How to Create a False Sense of Security

There is no doubt that if you are making a horror movie you want it to scare people, in fact if it doesn’t achieve this, then is it really horror?

Today we are going to talk about how to land a good scare, though rather than focusing on shock factor we’re going to talk about doing it through casual scene setting, relatable situations and heartfelt characters.

First of all, let’s stop calling it a horror movie for a moment and concentrate on a scary story. Every part of the filmmaking process is important, that being said you must always remember that when brought down to its bare bones, it’s simply another way to tell stories. You might have some gruesome scenes in mind but without a good story people simply won’t be impressed.

To be afraid of something we need to be able to relate to it, it needs to touch on genuine fears that people have or things that put us all out of our comfort zone. Often it can be as simple as asking yourself what makes you feel this way? Perhaps there is something that you’ve read or seen on the news that has shocked you in some way? Though it doesn’t have to be realistic, most people have been afraid of something lurking in the dark at some point in their lives. The point is to convince the viewer that the situation is believable within the confines of the story, that way they’ll forget it’s just a movie and really buy into the scares.

No matter what the premise of your story is, try to ground the beginning in as comfortable a situation as possible. This is really where you want to lure you’re audience into a false sense of security, the best way to hit a high note is to start off with a low key. Think about who is in the situation, a family? Someone alone? A couple? How are they acting in the situation? Relate yourself, think about how you would act normally and let the dialog and directions reflect this. Let your audience get to know the characters, it’ll give them more reason to be afraid, now that they’re fond of these people and won’t want to see them get hurt.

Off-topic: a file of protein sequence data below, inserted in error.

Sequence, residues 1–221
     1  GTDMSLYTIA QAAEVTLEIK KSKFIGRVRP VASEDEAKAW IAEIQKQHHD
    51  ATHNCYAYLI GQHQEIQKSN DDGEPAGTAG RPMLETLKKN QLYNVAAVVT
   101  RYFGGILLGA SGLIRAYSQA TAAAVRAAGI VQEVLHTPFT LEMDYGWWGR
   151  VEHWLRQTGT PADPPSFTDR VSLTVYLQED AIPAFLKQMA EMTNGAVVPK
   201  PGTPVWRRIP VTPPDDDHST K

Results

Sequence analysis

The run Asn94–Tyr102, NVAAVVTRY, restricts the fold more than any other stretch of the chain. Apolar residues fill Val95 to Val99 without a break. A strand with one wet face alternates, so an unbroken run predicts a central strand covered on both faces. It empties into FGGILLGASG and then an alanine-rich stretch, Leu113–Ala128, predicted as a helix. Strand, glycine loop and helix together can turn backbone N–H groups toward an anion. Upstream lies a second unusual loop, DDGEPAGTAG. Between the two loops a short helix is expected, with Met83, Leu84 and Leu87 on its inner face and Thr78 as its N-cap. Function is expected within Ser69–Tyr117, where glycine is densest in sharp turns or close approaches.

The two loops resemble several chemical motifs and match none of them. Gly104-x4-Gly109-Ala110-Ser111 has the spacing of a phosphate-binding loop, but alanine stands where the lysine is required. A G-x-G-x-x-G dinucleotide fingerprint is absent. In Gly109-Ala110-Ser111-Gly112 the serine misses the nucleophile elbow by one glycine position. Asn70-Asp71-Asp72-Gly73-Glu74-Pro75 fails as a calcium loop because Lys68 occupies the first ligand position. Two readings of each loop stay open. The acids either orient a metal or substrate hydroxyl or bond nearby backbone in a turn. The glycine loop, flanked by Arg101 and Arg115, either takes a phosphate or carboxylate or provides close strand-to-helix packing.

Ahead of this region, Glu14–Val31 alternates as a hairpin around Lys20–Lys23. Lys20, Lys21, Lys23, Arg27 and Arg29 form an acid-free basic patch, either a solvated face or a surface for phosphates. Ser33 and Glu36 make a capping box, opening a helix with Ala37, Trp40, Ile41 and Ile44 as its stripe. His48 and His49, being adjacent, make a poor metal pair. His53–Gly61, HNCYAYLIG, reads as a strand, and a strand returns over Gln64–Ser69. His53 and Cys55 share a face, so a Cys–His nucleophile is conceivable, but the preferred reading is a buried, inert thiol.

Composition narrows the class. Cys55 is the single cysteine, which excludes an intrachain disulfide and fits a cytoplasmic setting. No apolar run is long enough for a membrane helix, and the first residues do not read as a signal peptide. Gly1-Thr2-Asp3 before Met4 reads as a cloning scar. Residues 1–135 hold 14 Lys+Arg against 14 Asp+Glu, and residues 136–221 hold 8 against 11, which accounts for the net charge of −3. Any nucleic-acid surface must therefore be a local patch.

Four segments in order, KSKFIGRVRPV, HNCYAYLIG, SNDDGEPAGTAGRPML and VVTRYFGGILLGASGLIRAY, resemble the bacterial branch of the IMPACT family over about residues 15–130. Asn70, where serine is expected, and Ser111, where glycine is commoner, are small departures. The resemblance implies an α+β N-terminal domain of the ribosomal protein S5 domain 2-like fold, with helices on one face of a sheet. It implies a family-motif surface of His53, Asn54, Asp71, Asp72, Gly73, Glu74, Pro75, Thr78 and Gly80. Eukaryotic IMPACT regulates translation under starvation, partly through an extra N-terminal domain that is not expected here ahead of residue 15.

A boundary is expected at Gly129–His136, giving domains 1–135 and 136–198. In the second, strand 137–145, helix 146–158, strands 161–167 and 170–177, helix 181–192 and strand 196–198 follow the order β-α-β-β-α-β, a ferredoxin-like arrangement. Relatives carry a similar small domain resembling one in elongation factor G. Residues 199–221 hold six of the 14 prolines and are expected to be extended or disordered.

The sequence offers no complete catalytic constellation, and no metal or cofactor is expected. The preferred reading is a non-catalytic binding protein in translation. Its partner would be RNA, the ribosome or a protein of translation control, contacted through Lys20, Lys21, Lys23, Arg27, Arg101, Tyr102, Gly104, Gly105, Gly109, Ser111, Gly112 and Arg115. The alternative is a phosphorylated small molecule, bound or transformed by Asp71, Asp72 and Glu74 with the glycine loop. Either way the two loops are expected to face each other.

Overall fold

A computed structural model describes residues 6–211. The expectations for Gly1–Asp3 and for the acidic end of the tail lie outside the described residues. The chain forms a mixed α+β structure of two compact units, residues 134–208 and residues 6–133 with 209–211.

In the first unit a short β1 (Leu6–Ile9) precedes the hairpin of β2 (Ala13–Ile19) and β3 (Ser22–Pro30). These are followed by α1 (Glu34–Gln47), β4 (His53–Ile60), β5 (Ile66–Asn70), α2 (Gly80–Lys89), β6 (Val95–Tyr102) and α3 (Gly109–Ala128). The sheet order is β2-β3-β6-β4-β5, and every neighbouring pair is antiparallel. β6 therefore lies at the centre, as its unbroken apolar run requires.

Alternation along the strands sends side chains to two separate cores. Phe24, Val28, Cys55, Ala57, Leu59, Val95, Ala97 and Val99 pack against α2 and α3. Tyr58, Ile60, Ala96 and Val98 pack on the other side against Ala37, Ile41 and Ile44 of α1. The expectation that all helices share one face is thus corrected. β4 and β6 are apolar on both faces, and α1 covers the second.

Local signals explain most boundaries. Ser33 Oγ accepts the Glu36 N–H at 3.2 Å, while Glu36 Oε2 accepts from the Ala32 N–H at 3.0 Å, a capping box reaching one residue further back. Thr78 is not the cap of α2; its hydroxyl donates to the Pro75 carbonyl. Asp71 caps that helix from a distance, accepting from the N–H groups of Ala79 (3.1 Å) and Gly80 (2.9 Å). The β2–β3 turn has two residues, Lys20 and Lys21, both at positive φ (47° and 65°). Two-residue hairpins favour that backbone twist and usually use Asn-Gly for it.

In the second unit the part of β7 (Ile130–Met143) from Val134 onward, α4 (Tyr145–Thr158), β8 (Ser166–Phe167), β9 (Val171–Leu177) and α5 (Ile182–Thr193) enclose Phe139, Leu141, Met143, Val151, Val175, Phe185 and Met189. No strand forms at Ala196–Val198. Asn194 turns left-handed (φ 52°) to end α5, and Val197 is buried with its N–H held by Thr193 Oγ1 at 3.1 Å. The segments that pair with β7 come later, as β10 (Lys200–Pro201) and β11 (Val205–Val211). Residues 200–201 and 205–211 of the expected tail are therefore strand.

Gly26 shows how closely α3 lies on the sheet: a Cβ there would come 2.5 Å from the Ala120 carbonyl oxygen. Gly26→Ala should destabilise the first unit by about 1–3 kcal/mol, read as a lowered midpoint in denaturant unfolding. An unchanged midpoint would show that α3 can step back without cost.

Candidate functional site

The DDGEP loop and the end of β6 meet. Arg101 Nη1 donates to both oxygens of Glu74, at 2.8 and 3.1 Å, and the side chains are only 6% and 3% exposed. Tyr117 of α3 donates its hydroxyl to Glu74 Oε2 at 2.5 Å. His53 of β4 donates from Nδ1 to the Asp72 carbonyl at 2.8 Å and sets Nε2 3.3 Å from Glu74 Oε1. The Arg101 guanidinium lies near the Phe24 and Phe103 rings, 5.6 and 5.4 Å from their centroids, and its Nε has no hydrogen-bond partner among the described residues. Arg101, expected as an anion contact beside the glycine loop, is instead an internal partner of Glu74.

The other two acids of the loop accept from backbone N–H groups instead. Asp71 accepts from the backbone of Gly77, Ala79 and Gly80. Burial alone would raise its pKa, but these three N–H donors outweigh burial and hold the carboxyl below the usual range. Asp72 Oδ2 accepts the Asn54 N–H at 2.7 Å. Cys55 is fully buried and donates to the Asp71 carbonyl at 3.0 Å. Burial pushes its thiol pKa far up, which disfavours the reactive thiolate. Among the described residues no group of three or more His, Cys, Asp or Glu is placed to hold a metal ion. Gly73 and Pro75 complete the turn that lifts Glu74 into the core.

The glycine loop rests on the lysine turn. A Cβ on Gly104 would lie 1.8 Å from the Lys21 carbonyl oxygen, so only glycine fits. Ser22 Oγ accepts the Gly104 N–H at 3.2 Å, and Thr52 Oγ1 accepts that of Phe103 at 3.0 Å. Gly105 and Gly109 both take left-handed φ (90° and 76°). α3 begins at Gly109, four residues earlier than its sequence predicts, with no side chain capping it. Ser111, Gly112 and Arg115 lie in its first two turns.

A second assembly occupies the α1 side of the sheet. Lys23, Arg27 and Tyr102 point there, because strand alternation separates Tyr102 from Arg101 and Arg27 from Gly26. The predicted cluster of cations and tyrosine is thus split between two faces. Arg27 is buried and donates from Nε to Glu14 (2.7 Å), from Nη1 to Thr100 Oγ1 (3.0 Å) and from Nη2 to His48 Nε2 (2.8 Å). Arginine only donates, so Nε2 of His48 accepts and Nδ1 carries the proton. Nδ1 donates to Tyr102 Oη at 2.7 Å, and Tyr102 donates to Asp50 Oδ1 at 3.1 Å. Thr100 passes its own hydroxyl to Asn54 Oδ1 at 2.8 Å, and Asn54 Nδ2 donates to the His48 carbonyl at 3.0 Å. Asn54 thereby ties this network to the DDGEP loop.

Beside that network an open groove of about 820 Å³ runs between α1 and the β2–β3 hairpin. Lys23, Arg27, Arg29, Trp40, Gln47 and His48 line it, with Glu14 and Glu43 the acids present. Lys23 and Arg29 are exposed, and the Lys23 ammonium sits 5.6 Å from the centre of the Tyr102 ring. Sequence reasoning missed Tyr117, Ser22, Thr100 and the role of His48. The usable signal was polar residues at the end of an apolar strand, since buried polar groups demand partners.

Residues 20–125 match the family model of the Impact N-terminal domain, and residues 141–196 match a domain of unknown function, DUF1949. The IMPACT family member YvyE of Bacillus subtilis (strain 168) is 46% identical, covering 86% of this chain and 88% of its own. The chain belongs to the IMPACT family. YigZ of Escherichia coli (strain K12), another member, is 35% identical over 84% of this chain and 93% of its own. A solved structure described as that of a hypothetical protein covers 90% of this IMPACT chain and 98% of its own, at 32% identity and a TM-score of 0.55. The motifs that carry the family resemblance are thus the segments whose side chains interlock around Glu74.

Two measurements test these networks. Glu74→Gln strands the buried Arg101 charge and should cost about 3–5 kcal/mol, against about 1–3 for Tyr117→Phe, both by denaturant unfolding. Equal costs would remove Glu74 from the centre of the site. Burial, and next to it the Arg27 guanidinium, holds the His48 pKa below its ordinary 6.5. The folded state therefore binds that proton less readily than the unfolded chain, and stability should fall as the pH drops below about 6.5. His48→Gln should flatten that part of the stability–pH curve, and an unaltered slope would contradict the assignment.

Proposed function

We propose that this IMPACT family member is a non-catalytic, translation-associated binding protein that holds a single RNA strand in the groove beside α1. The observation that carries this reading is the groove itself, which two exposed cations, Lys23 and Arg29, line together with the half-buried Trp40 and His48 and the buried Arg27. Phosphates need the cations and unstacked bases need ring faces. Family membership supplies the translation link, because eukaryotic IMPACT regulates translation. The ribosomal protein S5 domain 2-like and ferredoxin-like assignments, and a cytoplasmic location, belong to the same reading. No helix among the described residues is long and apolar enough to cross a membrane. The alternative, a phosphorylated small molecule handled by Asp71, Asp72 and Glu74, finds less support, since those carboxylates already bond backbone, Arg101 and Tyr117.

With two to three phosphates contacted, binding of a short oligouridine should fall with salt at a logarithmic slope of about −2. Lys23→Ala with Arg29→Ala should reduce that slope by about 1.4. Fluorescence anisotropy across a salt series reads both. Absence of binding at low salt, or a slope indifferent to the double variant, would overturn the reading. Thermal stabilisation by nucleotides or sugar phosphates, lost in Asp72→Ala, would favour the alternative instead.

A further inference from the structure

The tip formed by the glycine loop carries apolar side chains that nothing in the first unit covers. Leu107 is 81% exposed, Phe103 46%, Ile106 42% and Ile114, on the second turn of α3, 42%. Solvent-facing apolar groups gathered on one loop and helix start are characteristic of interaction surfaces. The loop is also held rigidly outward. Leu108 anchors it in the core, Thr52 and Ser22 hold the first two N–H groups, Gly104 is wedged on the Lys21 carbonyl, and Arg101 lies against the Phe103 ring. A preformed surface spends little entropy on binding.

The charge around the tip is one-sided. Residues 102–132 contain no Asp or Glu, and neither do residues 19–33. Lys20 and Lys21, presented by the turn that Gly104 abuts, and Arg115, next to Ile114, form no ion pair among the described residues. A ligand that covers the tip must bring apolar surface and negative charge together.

As an example, let’s look at Jaws. Most people have visited a beach in their life and, as shown in the film, a lot of families do it all the time. The movie begins with children playing on the beach, having fun, straight away we can relate – everyone has been a kid, and many are now parents. Then a shark rolls in and takes a bite out of someone, a fear that anyone that’s been in the sea has had, the crowd is screaming and all of sudden nobody in the audience wants to go the beach again. It’s a very simple example that has become one of the most famous scenes in cinema history.

Jaws is just one example, there are many more, in fact almost every horror movie does the same thing. Next time you watch one try and notice it for yourself to better understand it and start thinking about your story and how you can make it relatable to everyone watching. Happy Scaring!